If you're planning a bike vacation to Oregon, you'll certainly want to include a stop at the Oregon Tourism Commission's Ride Oregon website.
I just stumbled across this resource recently and was amazed at the amount of bicycling information that's packed into the website.
There are some pretty pictures displayed on this big budget website, but there is also lots of solid, up-to-date information about bike travel in the state.
That's no wonder, when you see the steering committee and the contributors, which includes Jonathan Maus of BikePortland.org, Scott Bricker at Bicycle Transportation Alliance and the staff at Cycle Oregon.
Just the facts
Much of the information is calendar- and map-based. For instance, 90 mountain bike routes and 80 road routes are plotted on a map of Oregon with detailed descriptions about difficulty, length and locations.
Let's say I want to see what road rides are located near Eugene. I can browse through the list of rides associated with the state map until I come upon one I like — Rainbow to Oakridge. I click on the link and see it's a 65-mile route with extreme difficulty. Good. That sounds like a challenge.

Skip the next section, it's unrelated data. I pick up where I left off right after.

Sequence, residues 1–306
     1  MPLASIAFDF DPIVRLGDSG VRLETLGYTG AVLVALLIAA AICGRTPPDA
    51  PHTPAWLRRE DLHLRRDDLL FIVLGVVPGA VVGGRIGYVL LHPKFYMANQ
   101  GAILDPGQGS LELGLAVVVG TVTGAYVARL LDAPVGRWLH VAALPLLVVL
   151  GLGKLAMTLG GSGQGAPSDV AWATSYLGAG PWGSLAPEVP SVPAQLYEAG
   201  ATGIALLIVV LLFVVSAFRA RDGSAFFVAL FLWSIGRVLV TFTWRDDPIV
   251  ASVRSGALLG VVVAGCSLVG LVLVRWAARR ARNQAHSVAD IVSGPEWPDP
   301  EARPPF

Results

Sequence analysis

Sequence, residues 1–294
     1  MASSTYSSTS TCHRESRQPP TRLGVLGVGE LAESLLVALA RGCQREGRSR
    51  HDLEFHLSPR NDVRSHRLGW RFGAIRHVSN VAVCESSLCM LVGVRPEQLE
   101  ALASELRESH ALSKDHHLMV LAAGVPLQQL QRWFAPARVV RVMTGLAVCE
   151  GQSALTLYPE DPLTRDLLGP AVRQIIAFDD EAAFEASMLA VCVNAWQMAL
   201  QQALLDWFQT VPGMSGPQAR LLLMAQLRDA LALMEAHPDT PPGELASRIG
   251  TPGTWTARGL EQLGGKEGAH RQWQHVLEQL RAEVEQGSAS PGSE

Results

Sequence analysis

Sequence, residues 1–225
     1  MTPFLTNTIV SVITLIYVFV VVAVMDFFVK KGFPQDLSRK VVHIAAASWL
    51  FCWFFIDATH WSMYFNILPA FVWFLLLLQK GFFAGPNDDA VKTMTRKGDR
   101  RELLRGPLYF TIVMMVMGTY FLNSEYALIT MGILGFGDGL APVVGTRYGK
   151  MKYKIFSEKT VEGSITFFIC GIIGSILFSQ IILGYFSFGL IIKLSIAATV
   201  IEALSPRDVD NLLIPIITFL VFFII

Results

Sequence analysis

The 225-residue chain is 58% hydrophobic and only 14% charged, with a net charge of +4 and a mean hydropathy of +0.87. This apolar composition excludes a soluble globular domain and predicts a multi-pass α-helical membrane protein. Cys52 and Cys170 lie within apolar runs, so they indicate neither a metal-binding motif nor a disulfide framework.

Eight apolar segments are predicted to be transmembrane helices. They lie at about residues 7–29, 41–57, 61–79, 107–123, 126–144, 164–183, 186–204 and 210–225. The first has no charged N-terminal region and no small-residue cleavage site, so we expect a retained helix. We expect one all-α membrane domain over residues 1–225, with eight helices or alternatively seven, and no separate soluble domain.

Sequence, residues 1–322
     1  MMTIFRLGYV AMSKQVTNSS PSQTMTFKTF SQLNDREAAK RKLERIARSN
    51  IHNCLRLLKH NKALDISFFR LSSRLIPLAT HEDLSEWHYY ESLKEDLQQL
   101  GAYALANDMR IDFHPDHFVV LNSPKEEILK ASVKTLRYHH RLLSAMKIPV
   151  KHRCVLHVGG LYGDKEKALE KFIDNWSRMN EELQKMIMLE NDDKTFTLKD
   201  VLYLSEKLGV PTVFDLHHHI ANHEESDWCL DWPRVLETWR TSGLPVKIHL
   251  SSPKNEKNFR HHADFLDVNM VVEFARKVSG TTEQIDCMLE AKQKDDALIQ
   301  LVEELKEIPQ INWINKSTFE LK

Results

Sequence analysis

I dig deeper and see a map of the route, which I can print out, and an elevation chart that tells me the summit is about 35 miles in. I also find that the route is actually 89 miles one-way, not 65. Oops. Looks like a glitch. It's 65 if you just ride to the summit and return. It pays to check these out in detail. There's a comment section on the map; I'll bring that to their attention.
Hundreds of bike events, such as group rides, advocacy meetings, races, contests and bikey social meetups are included on the calendar.
There is a lot of bricks-and-mortar information at the website for bike travelers.
First off, the website tells how out-of-state visitors can get their bicycles to Oregon via plane or train.
You'll also find information about bike shops, bike tour companies, lodging, eating and attractions.
I get the impression that a beta version of the website has been up for a while, but the official launch was just last week.
This is certainly an excellent tool for bike travelers. Similar easy-to-use websites in all 50 states would certainly add convenience to bicycle touring.